Do you have a meeting you need to schedule and manage?
Here are four tips to making sure you and everyone else gets the most from attending.
The physical setting and atmosphere will differ depending on what you want to accomplish in your meeting, how long you expect it to last, and who will be attending. Some issues will remain constant, though. Limit or remove any distractions. Set up a side table near the entrance with anything attendees might need or could have forgotten. Provide note tablets and pens, water bottles, and possibly other drink options like coffee, tea or soft drinks.
Think about anything else you believe you would need if you were attending a similar meeting and then provide enough for everyone. Next, set up in advance any other equipment needed for making presentations. A white board, a screen, or large unfettered wall for PowerPoint presentations, or anything else.
Greet each person as they arrive. Take at least long enough to shake their hand or ask them a question or two about how they are doing. Use this time to ask about any personal items you feel are appropriate. If Mr. Smith’s daughter just presented him with his first grandchild, congratulate him. Ask what they named the baby, and how his daughter is doing. That level of thoughtfulness may turn someone coming in with neutral feelings, to someone a bit more favorably disposed toward you.
At the beginning of the meeting, ask at least one question of the participants that relates to the purpose of the meeting. But, if you can also use this question to learn about concerns or negative thoughts, even better. If you are dealing with customers, find out what they’ve been struggling with as they integrate your product into their work systems. “Or ask employees what they would do to improve … give them one area to discuss only … maybe vending machine selection, or a policy that has been causing problems recently in the company. They may have just the answer you’ve been struggling to find.” says entrepreneur Christopher Burch.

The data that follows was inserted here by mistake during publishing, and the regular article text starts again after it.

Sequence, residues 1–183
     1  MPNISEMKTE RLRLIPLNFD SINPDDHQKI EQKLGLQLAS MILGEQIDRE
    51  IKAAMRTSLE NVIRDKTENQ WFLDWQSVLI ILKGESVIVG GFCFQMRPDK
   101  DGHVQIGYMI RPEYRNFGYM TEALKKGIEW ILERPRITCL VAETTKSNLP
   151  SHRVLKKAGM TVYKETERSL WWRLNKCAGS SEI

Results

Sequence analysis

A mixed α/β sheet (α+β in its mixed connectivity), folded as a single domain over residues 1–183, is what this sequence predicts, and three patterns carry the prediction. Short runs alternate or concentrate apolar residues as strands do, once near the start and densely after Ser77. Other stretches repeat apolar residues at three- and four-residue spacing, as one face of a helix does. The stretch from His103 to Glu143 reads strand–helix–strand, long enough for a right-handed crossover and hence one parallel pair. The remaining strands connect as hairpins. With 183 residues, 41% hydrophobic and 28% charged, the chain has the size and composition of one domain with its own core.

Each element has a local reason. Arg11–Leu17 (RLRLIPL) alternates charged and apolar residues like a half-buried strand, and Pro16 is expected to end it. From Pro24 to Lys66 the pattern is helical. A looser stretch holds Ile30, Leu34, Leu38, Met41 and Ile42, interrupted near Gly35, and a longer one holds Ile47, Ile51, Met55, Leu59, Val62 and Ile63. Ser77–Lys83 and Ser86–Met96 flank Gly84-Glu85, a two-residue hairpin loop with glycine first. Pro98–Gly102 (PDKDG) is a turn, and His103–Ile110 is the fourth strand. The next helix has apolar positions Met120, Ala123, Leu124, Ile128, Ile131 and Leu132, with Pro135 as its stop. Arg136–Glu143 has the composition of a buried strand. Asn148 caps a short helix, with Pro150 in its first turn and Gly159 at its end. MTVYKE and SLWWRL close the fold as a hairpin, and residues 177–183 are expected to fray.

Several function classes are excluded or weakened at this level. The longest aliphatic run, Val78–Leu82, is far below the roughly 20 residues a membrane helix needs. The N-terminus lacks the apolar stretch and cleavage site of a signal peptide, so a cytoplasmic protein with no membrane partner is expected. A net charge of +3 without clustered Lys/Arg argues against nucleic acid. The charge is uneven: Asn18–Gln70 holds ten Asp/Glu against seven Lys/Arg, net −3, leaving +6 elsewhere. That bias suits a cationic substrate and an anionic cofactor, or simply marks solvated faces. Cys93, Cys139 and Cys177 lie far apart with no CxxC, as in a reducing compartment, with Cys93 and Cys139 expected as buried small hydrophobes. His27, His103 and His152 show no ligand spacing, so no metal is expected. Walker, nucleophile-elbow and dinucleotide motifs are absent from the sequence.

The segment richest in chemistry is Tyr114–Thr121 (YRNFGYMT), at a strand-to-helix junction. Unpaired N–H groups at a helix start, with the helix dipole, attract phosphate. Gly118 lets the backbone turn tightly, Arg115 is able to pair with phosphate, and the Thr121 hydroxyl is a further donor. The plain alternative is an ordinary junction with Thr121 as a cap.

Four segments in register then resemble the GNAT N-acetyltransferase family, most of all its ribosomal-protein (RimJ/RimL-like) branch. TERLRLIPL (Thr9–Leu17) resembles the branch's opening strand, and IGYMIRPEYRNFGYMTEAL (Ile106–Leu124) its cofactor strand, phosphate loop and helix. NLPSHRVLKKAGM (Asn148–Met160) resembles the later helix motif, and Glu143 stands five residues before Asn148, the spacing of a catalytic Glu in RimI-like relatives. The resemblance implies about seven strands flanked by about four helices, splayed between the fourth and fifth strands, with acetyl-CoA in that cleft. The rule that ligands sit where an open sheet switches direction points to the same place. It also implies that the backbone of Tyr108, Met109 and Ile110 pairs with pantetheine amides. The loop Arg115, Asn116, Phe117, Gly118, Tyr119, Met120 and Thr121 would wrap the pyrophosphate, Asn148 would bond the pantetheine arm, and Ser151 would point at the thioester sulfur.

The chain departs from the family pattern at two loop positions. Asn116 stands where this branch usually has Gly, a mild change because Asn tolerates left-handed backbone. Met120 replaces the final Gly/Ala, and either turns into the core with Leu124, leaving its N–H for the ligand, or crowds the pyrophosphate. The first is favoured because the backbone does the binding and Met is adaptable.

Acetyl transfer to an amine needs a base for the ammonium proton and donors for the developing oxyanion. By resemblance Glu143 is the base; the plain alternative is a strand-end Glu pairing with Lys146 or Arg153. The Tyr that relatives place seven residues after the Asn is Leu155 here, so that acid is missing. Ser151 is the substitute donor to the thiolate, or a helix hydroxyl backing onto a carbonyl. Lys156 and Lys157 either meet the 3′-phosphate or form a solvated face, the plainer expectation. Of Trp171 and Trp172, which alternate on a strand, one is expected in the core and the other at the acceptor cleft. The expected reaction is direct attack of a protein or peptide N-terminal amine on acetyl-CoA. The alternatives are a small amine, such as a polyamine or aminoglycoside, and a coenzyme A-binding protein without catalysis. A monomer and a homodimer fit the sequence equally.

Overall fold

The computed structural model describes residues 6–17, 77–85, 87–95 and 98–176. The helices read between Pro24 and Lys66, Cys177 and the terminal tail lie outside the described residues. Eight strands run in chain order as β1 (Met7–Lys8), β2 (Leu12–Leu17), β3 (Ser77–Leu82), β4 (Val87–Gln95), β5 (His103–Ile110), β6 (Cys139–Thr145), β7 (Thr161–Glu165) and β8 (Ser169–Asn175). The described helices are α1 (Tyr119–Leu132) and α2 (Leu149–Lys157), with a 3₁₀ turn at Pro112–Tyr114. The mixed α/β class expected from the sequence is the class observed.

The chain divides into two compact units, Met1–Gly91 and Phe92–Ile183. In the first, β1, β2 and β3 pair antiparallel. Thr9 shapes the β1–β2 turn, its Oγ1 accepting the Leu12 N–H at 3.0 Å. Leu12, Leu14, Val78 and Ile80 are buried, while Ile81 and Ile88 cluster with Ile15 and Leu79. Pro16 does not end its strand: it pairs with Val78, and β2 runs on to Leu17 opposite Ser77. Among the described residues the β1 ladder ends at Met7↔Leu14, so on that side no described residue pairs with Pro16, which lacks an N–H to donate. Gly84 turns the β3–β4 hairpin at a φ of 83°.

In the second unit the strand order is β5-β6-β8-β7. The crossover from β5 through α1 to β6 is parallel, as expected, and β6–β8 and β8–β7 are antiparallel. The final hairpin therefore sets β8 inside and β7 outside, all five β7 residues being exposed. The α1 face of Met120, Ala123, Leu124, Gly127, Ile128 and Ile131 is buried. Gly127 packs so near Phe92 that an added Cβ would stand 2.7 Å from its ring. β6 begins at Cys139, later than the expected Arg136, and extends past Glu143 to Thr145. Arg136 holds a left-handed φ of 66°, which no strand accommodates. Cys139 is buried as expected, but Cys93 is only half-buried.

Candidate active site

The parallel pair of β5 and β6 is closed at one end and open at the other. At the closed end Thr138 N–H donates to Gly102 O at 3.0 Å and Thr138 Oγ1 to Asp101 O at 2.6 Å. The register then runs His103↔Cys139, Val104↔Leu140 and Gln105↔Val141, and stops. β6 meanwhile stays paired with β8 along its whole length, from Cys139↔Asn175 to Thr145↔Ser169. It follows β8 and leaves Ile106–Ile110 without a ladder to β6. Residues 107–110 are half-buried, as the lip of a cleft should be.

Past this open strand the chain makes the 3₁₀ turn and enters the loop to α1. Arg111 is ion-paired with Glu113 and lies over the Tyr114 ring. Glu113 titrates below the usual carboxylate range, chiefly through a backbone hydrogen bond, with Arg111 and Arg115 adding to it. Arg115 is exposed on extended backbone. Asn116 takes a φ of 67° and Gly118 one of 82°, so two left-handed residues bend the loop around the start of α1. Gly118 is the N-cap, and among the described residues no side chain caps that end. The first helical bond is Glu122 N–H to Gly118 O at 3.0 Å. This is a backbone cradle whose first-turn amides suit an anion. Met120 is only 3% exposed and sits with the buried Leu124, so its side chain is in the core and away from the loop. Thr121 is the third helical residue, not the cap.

Connect to what matters to them
You can discuss options and policies until you are blue in the face, but if those things don’t matter to the people listening, nothing is going to change. As best you can, go into meetings with an understanding of what the concerns are of the people and connect them to what you are trying to accomplish. If they feel that connection, you won’t have to prod and poke them for every bit of progress once the meeting has ended. If they feel it, and it matters to them, they’ll lead the charge.
Hosting better meetings is often more about being a facilitator rather than a lecturer. Get people talking and thinking about ways to make the situation better and everyone wins.
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